Assassin’s Creed Chronicles: China is a new spin off series that will feature three games. Chinese adventurous dictatorships are ahead of us, while the other two (located in India in the mid-nineteenth century during the reign of the Scythian Empire, or in post-revolutionary Bolshevik Russia) will see the light of day also in 2015.
The main protagonist of the Chinese chronicle is the assassin of Shao Jun, known to the more cautious fans of the series. The adventures of killing Chinese people, who played a good part of their assasin crafts under the watchful eye of Ezio Auditore himself, take place during the last days of the Ming Dynasty, at several representative locations of China from that period (Macao harbor complex, Nanan shopping town, Forbidden City, Chinese Wall and other).
Again, everything revolves around the Templar lineup, this time with their Chinese branch, during the quest for the first civilization artefacts. The first thing that comes into the eye during the encounter with the game is to change the gameplay, which has been moved from the free research and movement to the locals to a more linear, 2,5D form. That’s the famous instant hit of Mark of the Ninja.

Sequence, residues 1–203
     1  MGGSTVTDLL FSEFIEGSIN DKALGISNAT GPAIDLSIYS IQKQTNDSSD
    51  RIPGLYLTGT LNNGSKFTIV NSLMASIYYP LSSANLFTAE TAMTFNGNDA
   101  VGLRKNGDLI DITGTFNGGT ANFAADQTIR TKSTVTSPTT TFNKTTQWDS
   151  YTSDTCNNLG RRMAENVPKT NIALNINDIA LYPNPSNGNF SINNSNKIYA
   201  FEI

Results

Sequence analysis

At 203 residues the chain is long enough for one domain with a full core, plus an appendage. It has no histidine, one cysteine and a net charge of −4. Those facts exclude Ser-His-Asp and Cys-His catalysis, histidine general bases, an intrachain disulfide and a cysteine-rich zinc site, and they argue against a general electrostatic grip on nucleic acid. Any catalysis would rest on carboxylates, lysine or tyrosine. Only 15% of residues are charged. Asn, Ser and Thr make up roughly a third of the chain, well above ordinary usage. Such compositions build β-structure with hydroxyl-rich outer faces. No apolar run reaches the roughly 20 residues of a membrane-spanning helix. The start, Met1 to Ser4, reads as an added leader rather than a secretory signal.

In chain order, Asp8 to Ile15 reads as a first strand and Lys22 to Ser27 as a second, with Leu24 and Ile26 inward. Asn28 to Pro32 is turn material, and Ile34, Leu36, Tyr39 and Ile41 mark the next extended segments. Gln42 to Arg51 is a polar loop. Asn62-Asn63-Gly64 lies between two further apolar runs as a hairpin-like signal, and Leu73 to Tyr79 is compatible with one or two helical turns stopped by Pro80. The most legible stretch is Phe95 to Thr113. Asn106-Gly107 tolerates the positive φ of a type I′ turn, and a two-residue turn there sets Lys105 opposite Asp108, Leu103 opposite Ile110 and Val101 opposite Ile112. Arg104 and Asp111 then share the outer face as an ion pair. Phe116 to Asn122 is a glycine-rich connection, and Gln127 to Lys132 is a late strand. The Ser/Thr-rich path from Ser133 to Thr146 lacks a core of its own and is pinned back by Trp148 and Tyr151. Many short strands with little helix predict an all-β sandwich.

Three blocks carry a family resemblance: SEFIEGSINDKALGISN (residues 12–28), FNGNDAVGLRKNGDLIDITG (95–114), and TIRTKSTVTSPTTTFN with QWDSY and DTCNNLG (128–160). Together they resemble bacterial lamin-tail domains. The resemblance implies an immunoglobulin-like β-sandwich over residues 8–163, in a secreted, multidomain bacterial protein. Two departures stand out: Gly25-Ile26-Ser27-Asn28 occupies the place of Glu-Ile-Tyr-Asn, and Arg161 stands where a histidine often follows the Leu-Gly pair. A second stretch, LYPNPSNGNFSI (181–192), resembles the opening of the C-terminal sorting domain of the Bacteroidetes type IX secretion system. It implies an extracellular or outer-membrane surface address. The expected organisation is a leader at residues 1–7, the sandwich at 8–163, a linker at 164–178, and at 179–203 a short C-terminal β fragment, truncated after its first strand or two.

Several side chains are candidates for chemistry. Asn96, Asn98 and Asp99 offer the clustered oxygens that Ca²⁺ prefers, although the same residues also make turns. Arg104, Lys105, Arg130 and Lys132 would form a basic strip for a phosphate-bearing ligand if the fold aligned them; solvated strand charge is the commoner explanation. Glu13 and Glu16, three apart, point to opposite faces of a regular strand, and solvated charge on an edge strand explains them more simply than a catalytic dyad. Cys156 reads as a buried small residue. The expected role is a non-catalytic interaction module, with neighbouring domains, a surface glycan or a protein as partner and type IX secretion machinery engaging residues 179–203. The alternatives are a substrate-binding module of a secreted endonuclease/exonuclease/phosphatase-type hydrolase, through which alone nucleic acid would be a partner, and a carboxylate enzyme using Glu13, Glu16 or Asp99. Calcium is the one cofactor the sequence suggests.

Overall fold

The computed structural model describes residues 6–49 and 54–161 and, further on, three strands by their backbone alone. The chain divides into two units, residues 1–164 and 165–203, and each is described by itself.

Chronicles: China’s accent is also at maximum stealth approach and active avoidance / silent neutralization of numerous guards and opponents, with items to help you (firecrackers and whistle whistle, shock-bombs and rope knife etc).
There is also a whole range of offensive-defensive moves that work surprisingly well, given the two-dimensional level of play. A welcome and rejuvenating element of the game is the occasional transition to the level of the levels on the planes of different depths, as well as the leveling of the levels of the level that are also disconnected from the main track (facades of buildings, various platforms, walls and the like).
Assassin’s Creed Chronicles: China boasts a simple and functional graphics of a specific visual style.